Part 2. Choline Chloride : A Limiting Nutrient for farm animals.

Part 1. Choline Chloride : A Limiting Nutrient for farm animals.
July 7, 2022
Part 3. Choline Chloride : A Limiting Nutrient for farm animals.
July 7, 2022

Part 2. Choline Chloride : A Limiting Nutrient for farm animals.

TRANSITION COW AND CHOLINE BIOLOGY

Several studies have shown 50 to 60% of transition cows experience moderate to severe fatty liver (Bobe et al., 2004). These studies have been conducted in numerous
countries across different genetic lines of cattle and varying management systems and the data do not represent problem cows or herds. The consistency amongst these
studies suggests that development of fatty liver is a “normal” part of the cow’s biology.
Because fatty liver is a classic deficiency symptom for choline, it is reasonable to question if transition cows are typically deficient in choline.

At calving there are hormonal changes that trigger an intense period of lipid mobilization from adipose tissue and as a result, blood nonesterified fatty acid (NEFA)
concentrations typically increase 5- to 10-fold (Grummer, 1993). NEFA remain elevated, although to a lesser extent, during early lactation when cows experience
negative energy balance. Blood flow to the liver doubles as a cow transitions from the dry period to lactation (Reynolds et al., 2003). NEFA concentration and blood flow are
the two biggest factors affecting how much NEFA is taken up by the liver. As a result, daily fatty acid uptake by the liver increases 13-fold at calving, from approximately 100
to 1300 g/day (Reynolds et al., 2003). Not all of the fatty acids taken up by the liver will be stored and contribute to fatty liver. However, Drackley et al., (2001) estimated that
during peak blood NEFA concentration, approximately 600 g might be deposited in 24 hours, which would correspond to an increase in liver fat of 6-7%, by weight. As a
reference, fat above 5% in the liver (wet basis) is considered by the veterinary community to be moderate to severe fatty liver. It is important to understand that this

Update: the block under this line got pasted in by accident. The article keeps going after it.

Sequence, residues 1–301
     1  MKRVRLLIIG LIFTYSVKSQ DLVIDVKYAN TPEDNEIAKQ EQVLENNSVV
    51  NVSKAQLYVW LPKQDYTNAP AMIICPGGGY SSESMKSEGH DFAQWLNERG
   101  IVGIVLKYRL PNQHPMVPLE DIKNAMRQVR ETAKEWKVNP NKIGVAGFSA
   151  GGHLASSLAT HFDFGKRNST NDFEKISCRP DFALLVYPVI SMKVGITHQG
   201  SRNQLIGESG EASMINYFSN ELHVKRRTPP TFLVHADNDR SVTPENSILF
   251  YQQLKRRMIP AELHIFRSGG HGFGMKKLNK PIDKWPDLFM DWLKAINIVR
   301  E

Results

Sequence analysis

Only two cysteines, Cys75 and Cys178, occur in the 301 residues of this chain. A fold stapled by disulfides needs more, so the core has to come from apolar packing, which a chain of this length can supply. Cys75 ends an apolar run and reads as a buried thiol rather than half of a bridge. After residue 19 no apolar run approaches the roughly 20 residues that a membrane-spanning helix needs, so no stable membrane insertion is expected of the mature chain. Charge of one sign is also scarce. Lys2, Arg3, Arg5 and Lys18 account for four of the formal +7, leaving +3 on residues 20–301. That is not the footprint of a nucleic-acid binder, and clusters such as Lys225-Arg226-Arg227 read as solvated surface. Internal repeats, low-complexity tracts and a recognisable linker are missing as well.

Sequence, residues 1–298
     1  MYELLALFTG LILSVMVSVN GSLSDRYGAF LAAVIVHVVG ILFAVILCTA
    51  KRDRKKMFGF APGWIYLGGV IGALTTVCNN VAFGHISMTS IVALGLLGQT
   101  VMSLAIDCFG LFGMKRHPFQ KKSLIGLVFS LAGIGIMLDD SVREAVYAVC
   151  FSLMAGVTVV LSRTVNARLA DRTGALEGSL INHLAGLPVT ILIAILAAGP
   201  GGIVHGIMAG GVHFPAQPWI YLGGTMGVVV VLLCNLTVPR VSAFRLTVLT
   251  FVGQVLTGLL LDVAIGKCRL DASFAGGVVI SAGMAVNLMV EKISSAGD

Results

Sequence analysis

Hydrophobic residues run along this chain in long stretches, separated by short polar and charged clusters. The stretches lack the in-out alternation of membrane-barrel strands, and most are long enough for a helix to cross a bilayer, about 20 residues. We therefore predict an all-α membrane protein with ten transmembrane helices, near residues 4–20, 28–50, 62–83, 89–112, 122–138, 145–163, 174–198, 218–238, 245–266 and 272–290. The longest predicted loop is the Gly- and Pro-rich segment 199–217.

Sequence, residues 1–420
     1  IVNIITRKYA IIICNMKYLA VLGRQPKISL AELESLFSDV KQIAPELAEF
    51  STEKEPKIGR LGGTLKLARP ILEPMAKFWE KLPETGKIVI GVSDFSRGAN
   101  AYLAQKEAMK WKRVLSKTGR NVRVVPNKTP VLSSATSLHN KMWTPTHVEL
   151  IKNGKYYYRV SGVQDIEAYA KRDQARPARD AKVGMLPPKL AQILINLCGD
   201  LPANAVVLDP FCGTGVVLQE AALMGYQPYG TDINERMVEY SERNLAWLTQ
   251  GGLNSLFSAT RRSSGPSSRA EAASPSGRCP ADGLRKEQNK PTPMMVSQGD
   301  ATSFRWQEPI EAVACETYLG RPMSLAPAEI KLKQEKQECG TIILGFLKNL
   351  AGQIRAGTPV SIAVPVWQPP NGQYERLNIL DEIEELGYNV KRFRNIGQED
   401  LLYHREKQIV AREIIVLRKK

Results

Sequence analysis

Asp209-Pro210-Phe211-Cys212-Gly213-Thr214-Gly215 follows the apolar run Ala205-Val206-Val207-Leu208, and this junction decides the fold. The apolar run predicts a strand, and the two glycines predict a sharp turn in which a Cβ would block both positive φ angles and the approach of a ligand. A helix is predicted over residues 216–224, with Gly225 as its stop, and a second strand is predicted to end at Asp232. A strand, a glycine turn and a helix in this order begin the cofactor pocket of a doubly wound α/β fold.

dramatic increase in NEFA uptake by the liver is part of the normal biology of transition cows and is not restricted to fat cows, poorly fed cows, or cows housed in suboptimal
environments.

The most desirable fate of fatty acids entering the liver would be complete oxidation to provide energy to the liver or reesterification and export as triglyceride from the liver
as part of a very low density lipoprotein (VLDL). Hepatic oxidation increases approximately 20% during the transition period (Drackley et al., 2001). This increase
does not represent a strategic move by the cow’s liver to cope with the sudden surge of NEFA uptake at calving. It occurs because the liver becomes metabolically more
active. Unfortunately, the increase in oxidation is not sufficient to cope with the increased load of fatty acid being presented to the liver. Research conducted 25 years
ago at the University of Wisconsin (Kleppe et al., 1988) and Michigan State University (Pullen et al., 1990) revealed that ruminants have a low capacity to export triglyceride
from the liver as VLDL as compared to nonruminants. This and the inability to markedly increase fatty acid oxidation is why transition dairy cattle develop fatty liver when
experiencing elevated blood NEFA.

It is now apparent that choline deficiency is a limiting factor for VLDL triglyceride export from the liver. It has been shown in many species, using a wide variety of
experimental approaches, that rate of VLDL export is highly related to the rate of hepatic PC synthesis (Cole et al., 2011). Models include monograstrics fed choline
deficient diets, isolated hepatocytes cultured in choline and methionine deficient media,and knockout mice for genes involved in PC synthesis (Cole et al., 2011). Interestingly,
there is no evidence that synthesis of any other phospholipid is required for hepatic VLDL assembly and secretion. In addition to direct PC synthesis from dietary choline,there is endogenous hepatic synthesis of PC via methylation of phosphotidylethanolamine (PE). Sharma and Erdman (1988) demonstrated dietary choline is extensively degraded in the rumen of dairy cows and very little is available to the small intestine for absorption. Choline flow to the duodenum increased less than 2 g/day, even when free choline intake was increased to more than 300 g/d. Therefore,
ruminants are more highly dependent than nonruminants on endogenous synthesis of PC from PE. Is endogenous synthesis of PC from PE sufficient during the transition period or do cows require choline supplementation? The high proportion of transition cows developing moderate to severe fatty liver during the transition period suggests that endogenous synthesis is not sufficient in many cows.

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